John Crowe is the top North American executive for Saint-Gobain, the $55 billion- a-year French construction- materials maker that traces its roots to the group that built Versailles for King Louis XIV. Crowe has been looking for a place to build another palace – in Pennsylvania – as Saint-Gobain’s U.S. base and showroom.
To replace the company’s aging U.S. headquarters near Valley Forge, Crowe scouted sites for “an absolutely spectacular building that will incorporate all aspects of what we know as a building-materials company in terms of energy efficiency and a sustainable, open, collaborative workplace,” he tells me. Plus, a research and development center to replace the old labs in Blue Bell.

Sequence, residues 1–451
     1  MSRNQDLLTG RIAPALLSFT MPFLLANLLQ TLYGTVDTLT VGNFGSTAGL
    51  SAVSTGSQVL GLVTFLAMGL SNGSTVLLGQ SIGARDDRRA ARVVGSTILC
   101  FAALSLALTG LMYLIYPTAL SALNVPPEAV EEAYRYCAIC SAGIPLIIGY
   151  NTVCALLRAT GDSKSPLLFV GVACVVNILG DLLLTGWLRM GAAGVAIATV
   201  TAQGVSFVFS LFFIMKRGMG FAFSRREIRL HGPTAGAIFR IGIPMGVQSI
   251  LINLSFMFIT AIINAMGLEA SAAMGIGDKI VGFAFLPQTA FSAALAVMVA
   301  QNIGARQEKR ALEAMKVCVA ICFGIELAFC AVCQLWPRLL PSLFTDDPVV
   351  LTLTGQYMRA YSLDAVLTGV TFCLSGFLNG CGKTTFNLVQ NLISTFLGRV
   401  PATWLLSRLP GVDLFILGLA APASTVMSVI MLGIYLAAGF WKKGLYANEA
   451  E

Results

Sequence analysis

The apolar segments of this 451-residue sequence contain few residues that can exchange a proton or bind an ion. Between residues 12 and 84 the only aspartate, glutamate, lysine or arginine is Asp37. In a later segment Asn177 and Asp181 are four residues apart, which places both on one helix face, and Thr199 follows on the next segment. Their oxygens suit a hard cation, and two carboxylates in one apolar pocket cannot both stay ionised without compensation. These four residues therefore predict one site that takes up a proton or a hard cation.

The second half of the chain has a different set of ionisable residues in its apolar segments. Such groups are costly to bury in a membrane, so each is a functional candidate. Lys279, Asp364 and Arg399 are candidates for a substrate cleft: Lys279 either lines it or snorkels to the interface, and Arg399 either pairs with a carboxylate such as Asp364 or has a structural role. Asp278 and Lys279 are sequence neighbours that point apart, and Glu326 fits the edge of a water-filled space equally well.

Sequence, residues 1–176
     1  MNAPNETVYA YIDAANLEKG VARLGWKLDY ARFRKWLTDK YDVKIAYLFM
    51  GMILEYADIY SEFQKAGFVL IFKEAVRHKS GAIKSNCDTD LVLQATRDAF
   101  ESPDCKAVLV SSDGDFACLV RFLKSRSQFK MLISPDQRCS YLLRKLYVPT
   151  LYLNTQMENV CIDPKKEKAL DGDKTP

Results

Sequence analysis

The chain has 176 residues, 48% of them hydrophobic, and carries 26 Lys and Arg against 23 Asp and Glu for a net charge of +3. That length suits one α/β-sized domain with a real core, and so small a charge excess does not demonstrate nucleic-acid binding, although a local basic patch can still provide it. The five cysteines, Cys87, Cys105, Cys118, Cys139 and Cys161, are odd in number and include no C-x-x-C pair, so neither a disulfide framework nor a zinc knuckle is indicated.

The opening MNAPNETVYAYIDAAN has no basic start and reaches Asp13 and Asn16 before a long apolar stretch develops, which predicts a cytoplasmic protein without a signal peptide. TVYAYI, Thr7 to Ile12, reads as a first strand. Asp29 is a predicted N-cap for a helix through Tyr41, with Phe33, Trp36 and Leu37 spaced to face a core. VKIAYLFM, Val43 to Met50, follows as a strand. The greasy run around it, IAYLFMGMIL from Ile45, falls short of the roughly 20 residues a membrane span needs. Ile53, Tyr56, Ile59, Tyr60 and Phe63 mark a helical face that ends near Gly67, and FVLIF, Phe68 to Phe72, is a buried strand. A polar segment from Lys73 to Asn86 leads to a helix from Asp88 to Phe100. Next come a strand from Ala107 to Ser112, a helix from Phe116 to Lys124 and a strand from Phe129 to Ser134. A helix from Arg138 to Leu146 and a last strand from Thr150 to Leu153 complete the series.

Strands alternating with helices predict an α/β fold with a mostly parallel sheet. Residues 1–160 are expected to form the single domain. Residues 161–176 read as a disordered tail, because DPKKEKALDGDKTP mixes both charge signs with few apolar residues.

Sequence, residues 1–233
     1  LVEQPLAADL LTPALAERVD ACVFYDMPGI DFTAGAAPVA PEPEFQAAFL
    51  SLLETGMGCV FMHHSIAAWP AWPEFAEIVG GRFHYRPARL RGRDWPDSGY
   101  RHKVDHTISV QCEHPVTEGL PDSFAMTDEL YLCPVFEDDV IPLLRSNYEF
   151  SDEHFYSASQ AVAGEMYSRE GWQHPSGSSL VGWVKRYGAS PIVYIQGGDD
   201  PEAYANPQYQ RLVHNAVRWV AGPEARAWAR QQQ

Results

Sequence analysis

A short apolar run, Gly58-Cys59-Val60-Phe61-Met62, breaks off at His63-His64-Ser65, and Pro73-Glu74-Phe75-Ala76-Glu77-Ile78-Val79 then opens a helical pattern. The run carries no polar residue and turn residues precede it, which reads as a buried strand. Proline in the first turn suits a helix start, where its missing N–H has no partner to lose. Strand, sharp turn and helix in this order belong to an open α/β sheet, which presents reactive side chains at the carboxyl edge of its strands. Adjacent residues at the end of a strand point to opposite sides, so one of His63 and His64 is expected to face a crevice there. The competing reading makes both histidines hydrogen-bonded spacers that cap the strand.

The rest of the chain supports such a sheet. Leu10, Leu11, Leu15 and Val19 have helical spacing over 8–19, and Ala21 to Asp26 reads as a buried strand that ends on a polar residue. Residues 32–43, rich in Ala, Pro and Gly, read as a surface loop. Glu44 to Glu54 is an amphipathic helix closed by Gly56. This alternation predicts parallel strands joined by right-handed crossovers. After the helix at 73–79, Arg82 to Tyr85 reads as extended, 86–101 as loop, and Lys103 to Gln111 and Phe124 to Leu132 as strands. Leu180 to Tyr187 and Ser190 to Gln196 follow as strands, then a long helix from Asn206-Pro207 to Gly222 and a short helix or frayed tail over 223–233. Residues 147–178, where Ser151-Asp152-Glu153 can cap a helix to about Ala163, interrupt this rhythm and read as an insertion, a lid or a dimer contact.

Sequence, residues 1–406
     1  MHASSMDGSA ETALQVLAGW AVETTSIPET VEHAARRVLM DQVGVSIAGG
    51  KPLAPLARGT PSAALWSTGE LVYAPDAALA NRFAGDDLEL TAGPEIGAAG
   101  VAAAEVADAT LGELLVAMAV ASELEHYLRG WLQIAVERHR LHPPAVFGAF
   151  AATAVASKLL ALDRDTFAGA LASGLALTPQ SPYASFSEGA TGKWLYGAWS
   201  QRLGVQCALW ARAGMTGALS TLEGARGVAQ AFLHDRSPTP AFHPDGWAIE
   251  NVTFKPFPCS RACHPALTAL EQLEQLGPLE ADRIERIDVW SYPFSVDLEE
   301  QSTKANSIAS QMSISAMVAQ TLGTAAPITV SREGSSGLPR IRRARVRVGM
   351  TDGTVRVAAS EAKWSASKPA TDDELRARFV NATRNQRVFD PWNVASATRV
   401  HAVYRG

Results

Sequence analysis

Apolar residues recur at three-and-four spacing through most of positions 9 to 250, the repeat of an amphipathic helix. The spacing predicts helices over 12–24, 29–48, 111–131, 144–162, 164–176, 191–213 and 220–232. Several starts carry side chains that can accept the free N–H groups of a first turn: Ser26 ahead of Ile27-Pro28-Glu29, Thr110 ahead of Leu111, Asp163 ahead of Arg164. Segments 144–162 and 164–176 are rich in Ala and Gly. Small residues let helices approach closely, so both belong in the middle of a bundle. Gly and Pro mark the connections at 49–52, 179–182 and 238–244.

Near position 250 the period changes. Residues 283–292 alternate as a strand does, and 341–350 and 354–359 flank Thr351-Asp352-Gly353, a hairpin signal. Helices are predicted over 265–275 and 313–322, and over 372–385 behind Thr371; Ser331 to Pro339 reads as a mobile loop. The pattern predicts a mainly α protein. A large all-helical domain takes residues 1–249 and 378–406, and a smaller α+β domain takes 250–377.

The search, extended by the recession, took Saint- Gobain six years. The company plans to announce this week that it has picked a potentially spectacular fixer-upper, an $80 million-plus expansion of the once-innovative but now-rusted and vacant complex built in 1969 by the former National Liberty Life Insurance Co. on 65 acres north of Malvern, close to the new State Route 29 ramp from the Pennsylvania Turnpike.